HP’s Dragonfly G4 — a better laptop for remote workers?

Adding the right camera tools could make a big difference on remote worker productivity when it’s done right.

HP Dragonfly G4

Disclosure: HP is a client of the author.

Each summer, I get the chance to review a lot of laptops. I’m currently working on three such reviews, and one feature stood out as particularly useful for remote employees. With its latest Dragonfly G4 laptop, HP has come up with a unique solution to address two of the problems that often arise with being remote: eye contact and sharing.

And I think it could be expanded into something truly amazing.

Two problems with being remote

I’ve been covering videoconferencing technology since the late 1980s. The big issue: how can a remote employee truly engage when they don’t have access to many of the tools or the proximity generally available in conference rooms?

When you’re talking to someone directly, you naturally look in their eyes. But when you’re working remotely, you might well be looking anywhere but at the camera, which makes it seem as if you aren’t paying attention. Several companies have already come up with a digital way to alter how your eyes appear, and as generative AI develops, we could eventually create avatars of ourselves that, regardless of what we’re doing, look attentive and engaged on the camera.

But what if you have multiple screens? In that case your head may be turned away from the camera, breaking eye contact and making it more difficult for the PC to accurately capture facial movements for that avatar.

The other problem is how to share something that isn’t digital. You could buy an overhead scanner, which is a dedicated camera to capture paper or small-objects on your desk. But they aren’t cheap, they take up a lot of room, and getting a videoconferencing system to see both the overhead scanner and your face could be an exercise in futility — particularly if the system you’re using is unfamilar.  

To address these problems, HP’s Dragonfly G4 provides a unique set of features called “auto-camera control” and “auto-keystone.” The first allows you to use two cameras (one can be the 5MP camera built into the laptop, but you can also use two external cameras), placing one on each of your two monitors. Then when you move from one monitor to the next, the cameras will see the movement and switch between them, much as what happens with TV news anchors.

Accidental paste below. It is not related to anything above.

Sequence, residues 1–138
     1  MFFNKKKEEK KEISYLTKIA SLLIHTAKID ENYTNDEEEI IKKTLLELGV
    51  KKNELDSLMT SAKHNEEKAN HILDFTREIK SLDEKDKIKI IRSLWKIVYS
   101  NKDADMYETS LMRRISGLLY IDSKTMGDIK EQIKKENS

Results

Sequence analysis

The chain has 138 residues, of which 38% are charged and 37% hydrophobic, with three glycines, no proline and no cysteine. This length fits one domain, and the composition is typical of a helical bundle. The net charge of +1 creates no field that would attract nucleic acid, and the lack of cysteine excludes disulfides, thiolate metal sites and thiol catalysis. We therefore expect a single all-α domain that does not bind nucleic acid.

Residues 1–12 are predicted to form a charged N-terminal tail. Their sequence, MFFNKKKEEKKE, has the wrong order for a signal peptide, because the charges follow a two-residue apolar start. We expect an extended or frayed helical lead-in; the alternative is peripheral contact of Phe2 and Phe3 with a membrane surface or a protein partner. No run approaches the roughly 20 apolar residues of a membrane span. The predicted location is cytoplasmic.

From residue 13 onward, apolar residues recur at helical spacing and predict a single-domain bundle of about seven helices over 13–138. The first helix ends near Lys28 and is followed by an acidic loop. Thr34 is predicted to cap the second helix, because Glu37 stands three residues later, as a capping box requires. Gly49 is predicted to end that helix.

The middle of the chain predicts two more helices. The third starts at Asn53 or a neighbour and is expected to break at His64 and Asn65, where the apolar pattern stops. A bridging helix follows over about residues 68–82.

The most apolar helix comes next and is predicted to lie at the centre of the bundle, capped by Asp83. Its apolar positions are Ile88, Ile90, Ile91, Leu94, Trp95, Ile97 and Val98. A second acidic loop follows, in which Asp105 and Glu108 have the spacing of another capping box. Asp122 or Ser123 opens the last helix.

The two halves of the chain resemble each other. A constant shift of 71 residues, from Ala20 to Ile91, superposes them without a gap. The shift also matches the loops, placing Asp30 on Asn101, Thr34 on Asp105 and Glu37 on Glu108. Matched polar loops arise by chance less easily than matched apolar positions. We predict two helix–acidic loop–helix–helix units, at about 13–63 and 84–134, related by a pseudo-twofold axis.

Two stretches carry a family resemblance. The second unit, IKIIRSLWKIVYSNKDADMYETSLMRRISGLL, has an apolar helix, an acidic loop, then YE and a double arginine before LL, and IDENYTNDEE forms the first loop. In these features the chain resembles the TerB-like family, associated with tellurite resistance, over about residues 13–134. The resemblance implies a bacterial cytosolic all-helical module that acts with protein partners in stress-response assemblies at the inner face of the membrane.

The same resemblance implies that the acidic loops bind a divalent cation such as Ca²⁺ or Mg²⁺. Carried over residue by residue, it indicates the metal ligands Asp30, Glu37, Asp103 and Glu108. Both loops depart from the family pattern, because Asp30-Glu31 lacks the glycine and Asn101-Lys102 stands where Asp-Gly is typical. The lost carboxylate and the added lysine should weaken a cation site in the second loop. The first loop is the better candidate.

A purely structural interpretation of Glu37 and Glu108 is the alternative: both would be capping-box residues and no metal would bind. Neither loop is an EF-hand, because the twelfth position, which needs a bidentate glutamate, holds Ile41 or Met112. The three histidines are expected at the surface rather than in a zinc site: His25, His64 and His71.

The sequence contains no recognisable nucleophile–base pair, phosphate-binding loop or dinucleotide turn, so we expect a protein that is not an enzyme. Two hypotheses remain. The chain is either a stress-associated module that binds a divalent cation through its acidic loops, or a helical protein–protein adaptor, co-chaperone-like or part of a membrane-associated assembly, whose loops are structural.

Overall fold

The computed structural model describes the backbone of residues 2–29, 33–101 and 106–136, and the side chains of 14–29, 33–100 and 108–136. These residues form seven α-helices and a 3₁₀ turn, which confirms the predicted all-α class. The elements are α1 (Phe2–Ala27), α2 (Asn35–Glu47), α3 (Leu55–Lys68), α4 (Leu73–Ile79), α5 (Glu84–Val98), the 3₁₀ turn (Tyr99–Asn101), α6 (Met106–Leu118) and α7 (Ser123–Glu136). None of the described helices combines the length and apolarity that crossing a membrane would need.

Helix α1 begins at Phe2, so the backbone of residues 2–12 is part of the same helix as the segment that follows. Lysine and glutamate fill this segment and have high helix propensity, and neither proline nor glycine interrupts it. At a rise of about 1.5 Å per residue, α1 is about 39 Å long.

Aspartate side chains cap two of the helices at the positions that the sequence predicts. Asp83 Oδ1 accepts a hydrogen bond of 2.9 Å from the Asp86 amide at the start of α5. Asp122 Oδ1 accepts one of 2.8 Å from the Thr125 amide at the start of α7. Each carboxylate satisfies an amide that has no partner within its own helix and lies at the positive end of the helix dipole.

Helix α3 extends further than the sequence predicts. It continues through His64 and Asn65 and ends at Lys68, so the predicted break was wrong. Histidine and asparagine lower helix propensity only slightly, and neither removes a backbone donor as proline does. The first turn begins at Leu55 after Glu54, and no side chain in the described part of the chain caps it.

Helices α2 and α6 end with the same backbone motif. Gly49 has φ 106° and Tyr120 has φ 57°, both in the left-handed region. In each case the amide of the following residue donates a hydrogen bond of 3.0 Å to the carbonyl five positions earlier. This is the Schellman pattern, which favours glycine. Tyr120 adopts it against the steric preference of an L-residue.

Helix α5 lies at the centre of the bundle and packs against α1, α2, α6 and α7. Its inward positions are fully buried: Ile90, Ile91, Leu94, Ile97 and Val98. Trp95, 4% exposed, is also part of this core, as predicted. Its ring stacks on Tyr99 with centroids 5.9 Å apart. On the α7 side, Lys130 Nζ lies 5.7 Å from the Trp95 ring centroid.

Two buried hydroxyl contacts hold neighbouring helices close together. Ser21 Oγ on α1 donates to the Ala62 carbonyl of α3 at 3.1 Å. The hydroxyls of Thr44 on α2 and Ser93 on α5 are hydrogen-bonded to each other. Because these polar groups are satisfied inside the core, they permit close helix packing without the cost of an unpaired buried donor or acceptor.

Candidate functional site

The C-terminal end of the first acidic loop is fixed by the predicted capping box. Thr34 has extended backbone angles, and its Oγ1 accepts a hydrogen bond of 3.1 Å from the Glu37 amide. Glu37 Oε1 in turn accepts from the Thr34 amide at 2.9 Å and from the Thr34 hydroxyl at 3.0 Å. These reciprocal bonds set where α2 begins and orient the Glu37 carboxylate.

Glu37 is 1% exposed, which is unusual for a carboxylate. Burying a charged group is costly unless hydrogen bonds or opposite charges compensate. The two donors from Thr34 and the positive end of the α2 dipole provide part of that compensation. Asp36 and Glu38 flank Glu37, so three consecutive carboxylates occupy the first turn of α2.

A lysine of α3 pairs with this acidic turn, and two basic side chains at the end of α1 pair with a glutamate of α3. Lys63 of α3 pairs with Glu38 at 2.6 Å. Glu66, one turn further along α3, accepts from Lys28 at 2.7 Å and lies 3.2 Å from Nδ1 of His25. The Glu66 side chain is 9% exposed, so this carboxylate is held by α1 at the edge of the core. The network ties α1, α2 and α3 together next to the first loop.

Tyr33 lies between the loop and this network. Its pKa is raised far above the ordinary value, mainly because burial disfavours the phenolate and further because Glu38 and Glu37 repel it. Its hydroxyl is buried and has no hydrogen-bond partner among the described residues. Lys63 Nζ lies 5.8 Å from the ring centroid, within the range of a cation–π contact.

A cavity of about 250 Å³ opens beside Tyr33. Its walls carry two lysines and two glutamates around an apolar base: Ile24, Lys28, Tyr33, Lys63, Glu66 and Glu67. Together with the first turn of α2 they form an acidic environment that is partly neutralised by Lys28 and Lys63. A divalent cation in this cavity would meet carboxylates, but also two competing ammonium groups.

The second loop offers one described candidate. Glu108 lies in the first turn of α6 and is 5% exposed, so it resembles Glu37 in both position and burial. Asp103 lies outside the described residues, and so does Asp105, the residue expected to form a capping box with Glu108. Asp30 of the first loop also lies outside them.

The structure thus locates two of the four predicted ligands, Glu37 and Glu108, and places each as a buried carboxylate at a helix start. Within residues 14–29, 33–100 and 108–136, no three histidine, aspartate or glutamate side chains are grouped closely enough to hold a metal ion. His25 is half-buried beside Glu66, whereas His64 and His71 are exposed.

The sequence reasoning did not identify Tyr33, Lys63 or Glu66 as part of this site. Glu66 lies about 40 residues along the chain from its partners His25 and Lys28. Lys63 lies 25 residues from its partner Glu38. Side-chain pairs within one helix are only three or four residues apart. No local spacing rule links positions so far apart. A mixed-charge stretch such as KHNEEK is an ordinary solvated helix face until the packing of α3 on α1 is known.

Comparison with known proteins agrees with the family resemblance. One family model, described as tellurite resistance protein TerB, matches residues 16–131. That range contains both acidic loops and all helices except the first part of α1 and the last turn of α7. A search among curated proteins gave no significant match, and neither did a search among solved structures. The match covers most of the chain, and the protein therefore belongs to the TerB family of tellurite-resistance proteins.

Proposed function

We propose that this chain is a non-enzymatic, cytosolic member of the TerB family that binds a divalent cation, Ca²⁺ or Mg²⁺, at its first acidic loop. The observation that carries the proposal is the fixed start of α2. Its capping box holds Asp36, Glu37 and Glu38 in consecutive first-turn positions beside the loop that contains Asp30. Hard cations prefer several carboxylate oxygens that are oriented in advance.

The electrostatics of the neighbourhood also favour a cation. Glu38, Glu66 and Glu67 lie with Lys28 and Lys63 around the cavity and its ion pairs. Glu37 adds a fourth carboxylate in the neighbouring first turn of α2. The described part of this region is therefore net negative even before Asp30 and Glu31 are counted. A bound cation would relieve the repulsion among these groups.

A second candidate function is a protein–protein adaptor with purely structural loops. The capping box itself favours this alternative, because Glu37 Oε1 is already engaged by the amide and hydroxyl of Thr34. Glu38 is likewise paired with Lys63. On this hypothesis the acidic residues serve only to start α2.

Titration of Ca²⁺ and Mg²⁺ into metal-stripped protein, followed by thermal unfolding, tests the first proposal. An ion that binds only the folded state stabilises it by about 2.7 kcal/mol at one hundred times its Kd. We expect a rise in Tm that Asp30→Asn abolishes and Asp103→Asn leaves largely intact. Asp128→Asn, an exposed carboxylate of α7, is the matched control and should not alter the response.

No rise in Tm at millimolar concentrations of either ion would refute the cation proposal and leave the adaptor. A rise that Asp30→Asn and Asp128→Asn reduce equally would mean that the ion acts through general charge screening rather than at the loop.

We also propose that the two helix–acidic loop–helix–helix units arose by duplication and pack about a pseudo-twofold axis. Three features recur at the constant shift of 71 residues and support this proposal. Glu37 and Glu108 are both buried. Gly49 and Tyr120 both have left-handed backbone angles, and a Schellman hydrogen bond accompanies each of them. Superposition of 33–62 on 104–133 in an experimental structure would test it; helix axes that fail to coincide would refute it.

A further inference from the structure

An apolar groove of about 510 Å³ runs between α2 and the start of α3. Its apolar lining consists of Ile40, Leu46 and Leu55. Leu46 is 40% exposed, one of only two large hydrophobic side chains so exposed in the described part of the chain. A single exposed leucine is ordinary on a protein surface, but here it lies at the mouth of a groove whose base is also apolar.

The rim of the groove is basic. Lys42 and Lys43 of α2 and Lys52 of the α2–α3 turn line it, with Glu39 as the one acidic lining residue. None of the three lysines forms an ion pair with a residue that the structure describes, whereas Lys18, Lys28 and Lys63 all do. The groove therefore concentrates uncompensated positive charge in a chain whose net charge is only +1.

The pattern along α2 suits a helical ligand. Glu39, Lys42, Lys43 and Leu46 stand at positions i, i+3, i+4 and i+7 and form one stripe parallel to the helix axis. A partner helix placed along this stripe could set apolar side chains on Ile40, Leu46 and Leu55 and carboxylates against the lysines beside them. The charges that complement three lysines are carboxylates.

If you have something you want to share, you can move one of the cameras over what you are sharing and have an image of it — and your own face — appear in the same frame. You do need to select “HP Enhanced Camera” in the videoconferencing system, but this tool will work the same with all of them — so you don’t have to hunt down any specific settings (if they even exist) to get everything to work.

If you’re capturing an object, depending on the angle of the camera, you might have a "keystoning" problem (where the object appears bigger where it’s closer to the camera and is distorted due to the angle). The “auto-keystone” feature can adjust for this so the image isn’t distorted. (If you’re interacting with the object, the system might get confused, so you can also manually set and lock in the keystone image. 

The interface hurdle

The problem with video systems is that there is no common interface, so doing things such as sharing something physical while continuing to show your face can be annoying if you have to dig through various menus. But if you can alter how the laptop or PC camera works and select that camera, then these tools become effectively tied to the hardware, not the videoconferencing software; their use remains constant, regardless of the system you use. 

This opens the door for PC makers to address a problem that’s been around since we’ve had videoconferencing — the lack of an interface standard. If a PC takes more control of the various videoconferencing systems through its APIs, it would provide a consistent video experience. This would tend to create more loyal customers and a far more consistent user experience for the rest of us.

I think HP is onto something here. This Auto Camera Selection tool could finally solve one of videoconferencing’s most annoying problems: the lack of a consistent cross-vendor interface.

Copyright © 2023 IDG Communications, Inc.

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